As we know, both Pesach and Sukkos contain days which are Yom Tov and days which are Chol Hamoed (commonly translated as “intermediary days”, henceforth to be abbreviated Ch”H – OK Ira?) While the halachos and restrictions for Yom Tov are more-or-less familiar to the average observant Jew, those pertaining to Ch”H are definitely less familiar. It is totally incorrect to think of these days as mere weekdays nested between two Yomim Tovim. Ch”H itself is a time of increased kedusha/holiness - as evidenced by the daily Torah reading, recitation of Hallel and extra Musaf prayers - and is accordingly governed by restricted melacha (work), albeit to a lesser degree than on Yom Tov.
To drive home this point, did you know that Shulchan Aruch presents a list of melachos that are permissible on Ch”H, rather than those that are prohibited?! With that kind of presentation, it is clear that one needs to learn the halachos of Ch”H if he is to avoid violation!
You may ask: What is the nature of prohibited melacha on Ch”H – is it Torah law or Rabbinic? That question is actually debated among the authorities and is not completely resolved. According to all opinions, however, the Rabbis had the final say in terms of what is prohibited and what is permissible. And they certainly stressed its punctilious observance. They taught that one must not be lax in observing the halachos of Ch”H, and that to do so is tantamount to worshipping Avodah Zarah (idolatry)! Betcha didn’t know that – OY!!
In contrast with the halachos of Shabbos or Yom Tov, the ‘heter’ / halachic permit to perform melacha on Ch”H is not expressed in terms of the particular type of activity one wishes to perform (e.g. plowing, selecting, cooking), but rather in terms of the reason he wishes to perform it. We will illustrate this by quoting the general listing of permissible melacha-categories (See Hilchos Chol Hamoed ‘Zichron Shlomo’, by Rabbis Zucker and Francis, p. 24):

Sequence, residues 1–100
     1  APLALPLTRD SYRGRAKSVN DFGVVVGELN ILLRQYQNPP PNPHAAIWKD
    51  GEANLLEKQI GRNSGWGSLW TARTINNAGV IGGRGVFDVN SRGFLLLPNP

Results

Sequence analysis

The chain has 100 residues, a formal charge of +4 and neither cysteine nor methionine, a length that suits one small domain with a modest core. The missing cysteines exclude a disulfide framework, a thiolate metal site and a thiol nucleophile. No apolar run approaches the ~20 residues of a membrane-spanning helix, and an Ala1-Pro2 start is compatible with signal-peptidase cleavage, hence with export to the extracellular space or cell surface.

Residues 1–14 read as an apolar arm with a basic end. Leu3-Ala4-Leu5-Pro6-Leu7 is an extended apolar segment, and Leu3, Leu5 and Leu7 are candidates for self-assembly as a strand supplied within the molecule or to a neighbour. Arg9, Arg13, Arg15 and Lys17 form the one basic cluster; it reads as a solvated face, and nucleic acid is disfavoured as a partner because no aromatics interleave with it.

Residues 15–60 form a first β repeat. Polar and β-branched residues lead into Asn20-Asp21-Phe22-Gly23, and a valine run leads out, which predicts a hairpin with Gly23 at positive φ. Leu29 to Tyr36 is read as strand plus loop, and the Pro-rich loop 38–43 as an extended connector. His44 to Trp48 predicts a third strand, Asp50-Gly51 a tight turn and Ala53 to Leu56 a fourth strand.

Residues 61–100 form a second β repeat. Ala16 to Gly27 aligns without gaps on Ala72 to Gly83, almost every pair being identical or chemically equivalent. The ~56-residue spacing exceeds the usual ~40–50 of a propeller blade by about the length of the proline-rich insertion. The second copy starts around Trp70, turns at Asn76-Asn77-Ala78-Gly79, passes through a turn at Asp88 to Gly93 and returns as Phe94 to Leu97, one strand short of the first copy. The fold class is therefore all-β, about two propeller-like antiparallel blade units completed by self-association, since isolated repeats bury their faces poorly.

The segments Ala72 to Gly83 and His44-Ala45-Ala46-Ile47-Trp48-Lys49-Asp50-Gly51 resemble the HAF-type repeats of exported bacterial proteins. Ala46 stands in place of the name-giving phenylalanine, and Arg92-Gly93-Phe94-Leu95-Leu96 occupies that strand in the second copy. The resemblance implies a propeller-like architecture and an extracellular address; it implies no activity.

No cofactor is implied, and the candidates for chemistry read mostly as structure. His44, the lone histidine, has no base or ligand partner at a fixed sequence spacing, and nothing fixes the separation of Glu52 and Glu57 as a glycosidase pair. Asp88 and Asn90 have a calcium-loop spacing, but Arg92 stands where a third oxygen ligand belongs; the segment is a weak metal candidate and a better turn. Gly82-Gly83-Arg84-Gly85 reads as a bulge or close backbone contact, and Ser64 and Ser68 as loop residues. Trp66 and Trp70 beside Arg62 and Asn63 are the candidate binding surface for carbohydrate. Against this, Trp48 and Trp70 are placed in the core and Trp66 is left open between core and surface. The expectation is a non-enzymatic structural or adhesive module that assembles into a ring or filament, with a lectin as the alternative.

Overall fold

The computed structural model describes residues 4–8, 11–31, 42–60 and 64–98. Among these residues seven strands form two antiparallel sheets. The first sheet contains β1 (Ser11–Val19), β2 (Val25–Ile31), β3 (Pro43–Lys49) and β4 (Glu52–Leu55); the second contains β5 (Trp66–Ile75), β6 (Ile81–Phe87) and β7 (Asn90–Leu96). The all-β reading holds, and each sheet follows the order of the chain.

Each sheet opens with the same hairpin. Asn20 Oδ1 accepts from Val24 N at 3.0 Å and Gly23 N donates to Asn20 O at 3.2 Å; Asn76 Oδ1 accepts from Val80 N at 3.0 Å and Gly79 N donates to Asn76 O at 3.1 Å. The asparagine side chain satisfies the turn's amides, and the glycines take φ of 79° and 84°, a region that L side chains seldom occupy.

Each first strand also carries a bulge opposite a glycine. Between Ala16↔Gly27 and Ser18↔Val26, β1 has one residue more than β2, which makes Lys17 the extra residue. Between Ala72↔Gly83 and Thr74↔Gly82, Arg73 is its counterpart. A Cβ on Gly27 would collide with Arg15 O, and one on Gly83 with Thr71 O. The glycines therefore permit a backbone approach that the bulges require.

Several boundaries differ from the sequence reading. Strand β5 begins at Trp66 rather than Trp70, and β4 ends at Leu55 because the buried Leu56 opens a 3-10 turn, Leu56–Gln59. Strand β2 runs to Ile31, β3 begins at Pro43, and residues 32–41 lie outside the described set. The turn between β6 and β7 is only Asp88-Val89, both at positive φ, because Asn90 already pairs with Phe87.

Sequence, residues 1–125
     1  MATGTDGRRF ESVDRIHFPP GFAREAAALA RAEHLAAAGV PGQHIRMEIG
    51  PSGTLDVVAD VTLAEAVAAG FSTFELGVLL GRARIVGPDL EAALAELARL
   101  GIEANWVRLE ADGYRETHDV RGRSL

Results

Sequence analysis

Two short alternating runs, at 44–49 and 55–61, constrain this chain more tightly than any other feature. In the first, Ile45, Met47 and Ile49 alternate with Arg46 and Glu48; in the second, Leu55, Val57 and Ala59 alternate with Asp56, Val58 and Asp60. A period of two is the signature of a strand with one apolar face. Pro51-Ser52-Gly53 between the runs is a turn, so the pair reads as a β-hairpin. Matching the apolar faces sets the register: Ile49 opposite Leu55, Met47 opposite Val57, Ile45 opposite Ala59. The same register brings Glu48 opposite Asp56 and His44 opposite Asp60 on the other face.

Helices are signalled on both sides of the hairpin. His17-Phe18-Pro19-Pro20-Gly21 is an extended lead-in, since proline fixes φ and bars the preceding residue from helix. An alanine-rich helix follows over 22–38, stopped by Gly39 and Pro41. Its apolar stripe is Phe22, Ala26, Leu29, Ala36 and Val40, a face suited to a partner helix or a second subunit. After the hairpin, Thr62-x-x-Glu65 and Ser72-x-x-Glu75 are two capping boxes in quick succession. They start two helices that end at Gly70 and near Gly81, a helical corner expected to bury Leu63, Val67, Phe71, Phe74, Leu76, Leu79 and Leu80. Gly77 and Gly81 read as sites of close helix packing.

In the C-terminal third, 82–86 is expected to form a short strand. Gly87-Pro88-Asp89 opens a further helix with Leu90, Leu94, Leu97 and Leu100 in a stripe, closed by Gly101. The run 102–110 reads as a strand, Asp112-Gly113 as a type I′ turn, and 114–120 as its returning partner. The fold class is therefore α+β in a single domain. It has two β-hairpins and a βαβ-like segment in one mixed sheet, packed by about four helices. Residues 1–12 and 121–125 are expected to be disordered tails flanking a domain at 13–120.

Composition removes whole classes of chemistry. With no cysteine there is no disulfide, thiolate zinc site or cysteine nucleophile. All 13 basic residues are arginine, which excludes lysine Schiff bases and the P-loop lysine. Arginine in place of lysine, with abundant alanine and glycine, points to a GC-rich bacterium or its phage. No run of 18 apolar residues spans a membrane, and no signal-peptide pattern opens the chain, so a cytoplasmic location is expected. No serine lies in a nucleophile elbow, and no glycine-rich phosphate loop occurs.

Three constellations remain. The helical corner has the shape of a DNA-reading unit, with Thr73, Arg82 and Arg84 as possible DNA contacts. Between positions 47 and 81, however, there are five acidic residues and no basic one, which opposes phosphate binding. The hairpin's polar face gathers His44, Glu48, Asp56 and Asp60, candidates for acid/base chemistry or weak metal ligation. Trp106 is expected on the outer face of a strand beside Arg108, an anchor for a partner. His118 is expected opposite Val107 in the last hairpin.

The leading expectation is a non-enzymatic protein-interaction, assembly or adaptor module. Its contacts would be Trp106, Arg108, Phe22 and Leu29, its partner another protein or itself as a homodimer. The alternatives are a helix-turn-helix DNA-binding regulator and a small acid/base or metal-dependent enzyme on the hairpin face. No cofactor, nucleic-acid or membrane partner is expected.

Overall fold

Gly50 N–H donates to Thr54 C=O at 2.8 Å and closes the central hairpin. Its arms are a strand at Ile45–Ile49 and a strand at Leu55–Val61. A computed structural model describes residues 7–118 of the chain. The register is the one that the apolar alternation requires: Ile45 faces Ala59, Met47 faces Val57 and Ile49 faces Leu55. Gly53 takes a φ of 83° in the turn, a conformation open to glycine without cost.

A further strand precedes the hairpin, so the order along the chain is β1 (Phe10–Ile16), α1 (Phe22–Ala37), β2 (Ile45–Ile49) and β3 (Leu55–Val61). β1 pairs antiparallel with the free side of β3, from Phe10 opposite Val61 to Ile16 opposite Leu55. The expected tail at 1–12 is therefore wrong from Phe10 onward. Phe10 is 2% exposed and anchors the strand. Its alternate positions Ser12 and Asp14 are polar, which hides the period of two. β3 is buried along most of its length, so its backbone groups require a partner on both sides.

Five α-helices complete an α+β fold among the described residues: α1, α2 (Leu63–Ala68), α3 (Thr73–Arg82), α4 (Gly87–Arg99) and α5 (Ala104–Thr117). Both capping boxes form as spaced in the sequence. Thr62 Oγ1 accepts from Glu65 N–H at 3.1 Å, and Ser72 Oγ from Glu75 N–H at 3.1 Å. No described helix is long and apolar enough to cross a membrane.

1) Work needed for the festival (‘tzorech hamoed’) 2) Work needed to prepare food (‘tzorech ochel nefesh’) 3) Work needed to fulfill communal needs (‘tzorchei rabim’) 4) Work necessary to avoid loss or damage (‘davar ha-aveid’) 5) Work done by a worker who needs to earn money for basic subsistance (‘po-eil she’ein lo ma yochal/lit. ”a worker who has nothing to eat”) Many of the simanim that follow elaborate on the details of these five categories.
In addition to restriction melacha activity, one must conduct himself in a more Yom-Tov-like manner on Ch”H. This includes eating and drinking better than usual and wearing clean clothing. (Note: Some people even wear Shabbos and Yom Tov clothing the entire week of the chag. While this is admirable, it is not mandatory.) Remember: When the Torah states ‘V’samachta b’chagecha’ (“rejoice in your festivals”), it includes Ch”H as well! Does this mean that one is required to hold formal meals with bread/matzah on Ch”H? Again, it is laudatory (both daytime and evening), but not mandatory.
One last thought: Did you ever stop and think why these two holidays have Ch”H in the first place? After all, we pretty much know what to do on Yom Tov, but what is Ch”H all about? If they are not for working (barring the exceptions listed above), then what are they designed for? R. Abba bar Mamal said (in the Talmud Yerushalmi): “Was not melacha prohibited on Ch”H so that (the Jewish People) may eat and drink and engage in Torah (learning)…?” Based upon R. Abba’s statement, the early authority, Kol Bo, extrapolates: “We see that Hashem’s intention in giving us the Moed (festival, including the days of Ch”H) was in order for us to attach ourselves to fear and love of Him and to engage in his perfect Torah.” Thus, while certainly taking time to enjoy ourselves and our families in a proper, festive atmosphere, we should not lose sight of the real purpose of Ch”H and take advantage of the opportunity to grow in our love of Hashem and the study of His Torah!